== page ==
Britain's Queen Elizabeth will not attend the opening of parliament on Tuesday as she has had a recurrence of issues with her mobility, Buckingham Palace said on Monday, adding her son Prince Charles would set out the government's agenda instead.
The 96-year-old British monarch has been forced to cancel a number of public engagements since being hospitalised last October for an unspecified illness, although she has continued to carry out many of her duties virtually.
"The queen continues to experience episodic mobility problems, and in consultation with her doctors has reluctantly decided that she will not attend the State Opening of Parliament tomorrow," Buckingham Palace said in a statement.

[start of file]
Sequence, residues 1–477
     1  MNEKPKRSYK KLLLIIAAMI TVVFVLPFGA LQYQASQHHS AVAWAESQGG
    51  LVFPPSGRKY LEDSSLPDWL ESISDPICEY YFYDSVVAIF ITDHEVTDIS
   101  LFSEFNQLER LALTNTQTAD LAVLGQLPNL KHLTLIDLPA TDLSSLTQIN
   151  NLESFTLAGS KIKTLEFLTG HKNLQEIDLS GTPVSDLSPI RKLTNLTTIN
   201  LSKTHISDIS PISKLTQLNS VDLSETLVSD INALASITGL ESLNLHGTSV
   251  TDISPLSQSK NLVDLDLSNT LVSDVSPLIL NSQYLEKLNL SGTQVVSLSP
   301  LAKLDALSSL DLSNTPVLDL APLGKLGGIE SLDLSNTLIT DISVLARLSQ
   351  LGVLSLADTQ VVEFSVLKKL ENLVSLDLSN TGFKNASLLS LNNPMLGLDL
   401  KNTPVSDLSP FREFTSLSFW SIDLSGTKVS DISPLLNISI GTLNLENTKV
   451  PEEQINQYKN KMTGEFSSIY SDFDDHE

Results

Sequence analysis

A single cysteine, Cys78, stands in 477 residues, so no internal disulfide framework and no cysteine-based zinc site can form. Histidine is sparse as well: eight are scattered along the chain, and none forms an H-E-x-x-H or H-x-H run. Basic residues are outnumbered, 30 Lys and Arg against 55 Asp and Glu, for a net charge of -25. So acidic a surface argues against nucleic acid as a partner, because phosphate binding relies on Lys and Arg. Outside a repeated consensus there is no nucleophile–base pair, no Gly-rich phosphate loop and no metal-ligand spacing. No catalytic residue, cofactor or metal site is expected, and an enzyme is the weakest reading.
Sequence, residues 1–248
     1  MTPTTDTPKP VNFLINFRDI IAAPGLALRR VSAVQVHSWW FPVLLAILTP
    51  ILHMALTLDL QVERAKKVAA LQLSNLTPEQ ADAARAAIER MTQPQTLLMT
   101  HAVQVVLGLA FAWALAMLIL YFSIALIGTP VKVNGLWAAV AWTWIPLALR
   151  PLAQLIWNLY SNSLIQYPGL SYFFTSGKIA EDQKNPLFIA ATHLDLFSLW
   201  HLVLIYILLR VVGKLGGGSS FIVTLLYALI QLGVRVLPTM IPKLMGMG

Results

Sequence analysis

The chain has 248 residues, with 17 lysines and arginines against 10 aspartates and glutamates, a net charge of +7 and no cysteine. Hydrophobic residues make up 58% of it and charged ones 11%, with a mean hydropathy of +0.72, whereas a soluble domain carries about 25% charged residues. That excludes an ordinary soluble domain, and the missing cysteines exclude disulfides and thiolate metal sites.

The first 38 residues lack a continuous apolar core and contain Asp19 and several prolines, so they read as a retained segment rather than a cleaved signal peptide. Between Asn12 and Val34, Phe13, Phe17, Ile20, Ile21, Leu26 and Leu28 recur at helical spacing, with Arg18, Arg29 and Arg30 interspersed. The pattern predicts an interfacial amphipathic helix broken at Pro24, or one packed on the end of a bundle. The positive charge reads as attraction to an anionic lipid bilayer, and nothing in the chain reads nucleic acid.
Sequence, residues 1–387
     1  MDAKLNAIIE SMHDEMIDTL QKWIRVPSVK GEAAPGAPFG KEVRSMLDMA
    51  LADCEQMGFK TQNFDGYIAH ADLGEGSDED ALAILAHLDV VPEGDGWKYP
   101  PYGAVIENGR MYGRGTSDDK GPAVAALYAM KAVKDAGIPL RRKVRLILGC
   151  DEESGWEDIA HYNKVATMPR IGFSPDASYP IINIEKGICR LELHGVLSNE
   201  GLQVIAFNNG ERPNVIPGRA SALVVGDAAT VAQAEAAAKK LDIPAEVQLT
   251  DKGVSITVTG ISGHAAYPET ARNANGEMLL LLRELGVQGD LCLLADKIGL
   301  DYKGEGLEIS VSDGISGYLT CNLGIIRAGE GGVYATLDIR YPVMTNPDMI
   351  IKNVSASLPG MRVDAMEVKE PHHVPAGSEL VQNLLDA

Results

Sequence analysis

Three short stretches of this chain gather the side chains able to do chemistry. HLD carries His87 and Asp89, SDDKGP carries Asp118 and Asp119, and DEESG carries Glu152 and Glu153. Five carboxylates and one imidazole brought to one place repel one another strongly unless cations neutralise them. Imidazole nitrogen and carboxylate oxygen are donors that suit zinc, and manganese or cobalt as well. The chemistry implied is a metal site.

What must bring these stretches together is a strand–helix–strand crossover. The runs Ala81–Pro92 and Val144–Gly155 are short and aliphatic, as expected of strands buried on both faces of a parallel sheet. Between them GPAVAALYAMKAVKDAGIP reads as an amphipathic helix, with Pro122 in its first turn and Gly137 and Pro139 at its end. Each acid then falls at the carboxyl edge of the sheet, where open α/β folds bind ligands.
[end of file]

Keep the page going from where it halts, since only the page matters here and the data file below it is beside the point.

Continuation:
"At Her Majesty's request, and with the agreement of the relevant authorities, The Prince of Wales will read The Queen's speech on Her Majesty's behalf, with The Duke of Cambridge also in attendance."
The Palace declined to give details of Elizabeth's ailment but a source said it was related to the issues she had suffered last year, saying her decision to pull out of the parliament opening had only been made on Monday.
It comes as Britain will hold four days of celebration in June for the queen, the world's eldest and longest-reigning monarch, to mark her 70th year on the throne.
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